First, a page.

Peter Martin built 3-foot-high raised wooden beds for vegetables, to minimize bending. The bonus is that they warm up early in spring, jump-starting early crops. Bush beans flop over the sides of the raised beds for easy picking and are free of ground slugs.
Raised beds are for vegetables only; flowers go into the ground beds, along with certain other vegetables.
Pair plants that can take turns and fruit sequentially.
Let perennial herbs such as tarragon, oregano, and thyme grow on the outer edges of the ground beds, where they can bask in the sun. (Be sure to select culinary versions, because creeping thyme and some oreganos may be handsome but they’re not particularly savory.)
Use decorative pergolas to shoulder pole beans rather than the usual wisteria or roses. Gardner uses strings to guide the vines as they make headway.
Lettuce, arugula, and spinach grow under the pergola, where they last longer in the cool shade.
Give members of the cabbage family (broccoli, Brussels sprouts, etc.) plenty of room to spread out. You can grow them with flowers, but these veggies will crowd them if planted too close.
Plant dwarf and semidwarf fruit trees with strong disease resistance. Smaller trees produce a smaller circle of shade, letting you plant more flowers and vegetables nearby.
Segregate nutrient-intensive vegetables such as corn, leeks, and winter squash into their own beds separate from your flowers.
Thin out the crowns of fruit trees to maximize production while minimizing the shadow they cast on their neighbors down under. Prop up branches if necessary.
Peter Martin made special tree-branch weights by pouring concrete mix into plastic yogurt containers and setting an eyehook at the top. They’re hung by twine from branches to spread limbs out and allow more sunlight below.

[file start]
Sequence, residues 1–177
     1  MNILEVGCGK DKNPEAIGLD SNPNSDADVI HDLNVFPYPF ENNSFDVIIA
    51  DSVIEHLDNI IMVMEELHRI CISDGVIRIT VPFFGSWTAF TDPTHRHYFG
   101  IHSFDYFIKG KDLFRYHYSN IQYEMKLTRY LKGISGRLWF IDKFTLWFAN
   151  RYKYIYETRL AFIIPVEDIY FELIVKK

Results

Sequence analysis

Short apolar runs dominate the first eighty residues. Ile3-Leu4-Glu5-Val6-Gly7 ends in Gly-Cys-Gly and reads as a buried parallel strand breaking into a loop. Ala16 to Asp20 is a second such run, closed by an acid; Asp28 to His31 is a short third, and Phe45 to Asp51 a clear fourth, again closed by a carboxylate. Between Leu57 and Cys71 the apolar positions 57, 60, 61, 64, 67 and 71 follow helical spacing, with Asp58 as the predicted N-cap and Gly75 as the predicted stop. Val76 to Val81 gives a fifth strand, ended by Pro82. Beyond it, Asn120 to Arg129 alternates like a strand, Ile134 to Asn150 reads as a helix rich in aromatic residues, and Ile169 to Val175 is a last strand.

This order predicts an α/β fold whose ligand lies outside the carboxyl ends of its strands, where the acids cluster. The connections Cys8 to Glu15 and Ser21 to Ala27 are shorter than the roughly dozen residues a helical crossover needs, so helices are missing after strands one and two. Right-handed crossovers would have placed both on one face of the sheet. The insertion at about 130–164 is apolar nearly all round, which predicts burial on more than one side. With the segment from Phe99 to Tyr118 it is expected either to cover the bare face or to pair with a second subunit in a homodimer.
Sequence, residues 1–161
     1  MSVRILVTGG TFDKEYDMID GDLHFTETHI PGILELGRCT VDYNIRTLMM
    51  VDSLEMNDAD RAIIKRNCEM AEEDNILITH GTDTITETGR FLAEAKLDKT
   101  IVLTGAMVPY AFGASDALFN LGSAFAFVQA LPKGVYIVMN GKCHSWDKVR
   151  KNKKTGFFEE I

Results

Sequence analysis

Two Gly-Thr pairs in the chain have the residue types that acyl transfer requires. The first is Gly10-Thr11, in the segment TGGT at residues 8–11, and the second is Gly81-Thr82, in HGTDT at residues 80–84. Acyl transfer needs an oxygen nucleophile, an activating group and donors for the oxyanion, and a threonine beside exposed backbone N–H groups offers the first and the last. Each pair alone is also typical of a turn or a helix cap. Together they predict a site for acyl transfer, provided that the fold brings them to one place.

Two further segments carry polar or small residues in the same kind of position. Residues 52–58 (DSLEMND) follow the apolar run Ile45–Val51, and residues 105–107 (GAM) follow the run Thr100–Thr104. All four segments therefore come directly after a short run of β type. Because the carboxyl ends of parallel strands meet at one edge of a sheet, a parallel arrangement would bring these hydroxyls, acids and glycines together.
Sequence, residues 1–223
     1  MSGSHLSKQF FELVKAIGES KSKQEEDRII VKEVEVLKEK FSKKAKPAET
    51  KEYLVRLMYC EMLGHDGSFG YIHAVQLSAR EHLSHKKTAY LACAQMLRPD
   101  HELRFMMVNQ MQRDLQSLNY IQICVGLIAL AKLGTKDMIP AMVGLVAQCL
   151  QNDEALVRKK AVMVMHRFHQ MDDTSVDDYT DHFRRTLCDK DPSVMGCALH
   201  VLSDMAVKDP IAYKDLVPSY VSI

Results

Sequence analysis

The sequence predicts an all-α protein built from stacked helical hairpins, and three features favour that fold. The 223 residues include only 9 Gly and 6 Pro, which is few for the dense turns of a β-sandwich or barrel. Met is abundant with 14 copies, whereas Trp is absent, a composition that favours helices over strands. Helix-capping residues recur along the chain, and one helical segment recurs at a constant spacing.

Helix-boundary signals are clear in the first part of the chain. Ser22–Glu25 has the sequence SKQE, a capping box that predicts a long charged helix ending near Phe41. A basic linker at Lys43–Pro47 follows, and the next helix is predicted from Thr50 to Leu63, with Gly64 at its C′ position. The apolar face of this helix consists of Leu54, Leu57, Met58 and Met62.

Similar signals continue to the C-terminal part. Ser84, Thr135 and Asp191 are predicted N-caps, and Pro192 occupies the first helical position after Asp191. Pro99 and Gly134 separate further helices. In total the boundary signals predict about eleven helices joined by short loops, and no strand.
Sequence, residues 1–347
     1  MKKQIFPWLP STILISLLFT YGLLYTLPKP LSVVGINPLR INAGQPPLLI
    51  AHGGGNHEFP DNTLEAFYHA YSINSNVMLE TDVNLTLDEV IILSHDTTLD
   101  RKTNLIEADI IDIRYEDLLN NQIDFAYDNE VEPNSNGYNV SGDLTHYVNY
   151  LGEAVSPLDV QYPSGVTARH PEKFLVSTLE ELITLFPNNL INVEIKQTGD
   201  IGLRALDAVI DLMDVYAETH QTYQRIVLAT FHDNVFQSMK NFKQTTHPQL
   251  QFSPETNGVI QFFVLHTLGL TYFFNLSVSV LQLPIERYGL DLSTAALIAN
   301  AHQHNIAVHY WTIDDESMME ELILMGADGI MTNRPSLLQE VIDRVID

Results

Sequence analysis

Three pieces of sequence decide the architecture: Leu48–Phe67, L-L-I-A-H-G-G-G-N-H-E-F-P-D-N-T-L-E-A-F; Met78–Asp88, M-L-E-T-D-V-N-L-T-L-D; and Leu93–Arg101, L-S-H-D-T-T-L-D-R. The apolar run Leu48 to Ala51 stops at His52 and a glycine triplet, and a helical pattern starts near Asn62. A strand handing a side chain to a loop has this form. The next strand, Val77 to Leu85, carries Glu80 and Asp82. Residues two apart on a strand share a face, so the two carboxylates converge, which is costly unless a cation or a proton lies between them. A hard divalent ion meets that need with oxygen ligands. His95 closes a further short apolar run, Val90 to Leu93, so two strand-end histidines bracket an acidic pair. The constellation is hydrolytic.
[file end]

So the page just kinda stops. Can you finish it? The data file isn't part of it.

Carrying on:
Selecting thornless berries, such as ‘Chester’ blackberries, lets you work among them and harvest them without battle scars. (Protect them with burlap if they’re not quite hardy in your region.) Prune ruthlessly and confine them to a frame or trellis.
Start seeds of annuals in pots rather than sowing them directly into the beds–they’ll stand a better chance of thriving when you throw them in with the crowd.
Divide perennials ruthlessly each year to keep their waistlines in check. Digging up favorites such as beebalm and dividing off running roots before replanting will put a crimp in their roving ways. Don’t plant mints in garden beds; they spread wildly.
Ornamental grasses make fine additions, as long as you divide them often. Grasses tend to be thirsty, so don’t pair them with eggplants or other veggies that require plenty of water.
Plant tulips and spring bulbs in the ground at the base of the raised beds, so their foliage can die back slowly without getting in the way of summer flowers or vegetables up above. Allowing the foliage to wither completely before removing it will ensure vibrant blooms the following year.
Don’t forget to install summer bulbs. Lilies and alliums will become lovely accents in the middles of your beds, where they can grow tall. Enjoy the bounty!
Note that various flowers, fruits, and vegetables mature at different rates over three seasons; the accompanying garden map (not to scale) is intended for representational purposes only. The garden design shown here is just one example of how one might arrange combination plantings.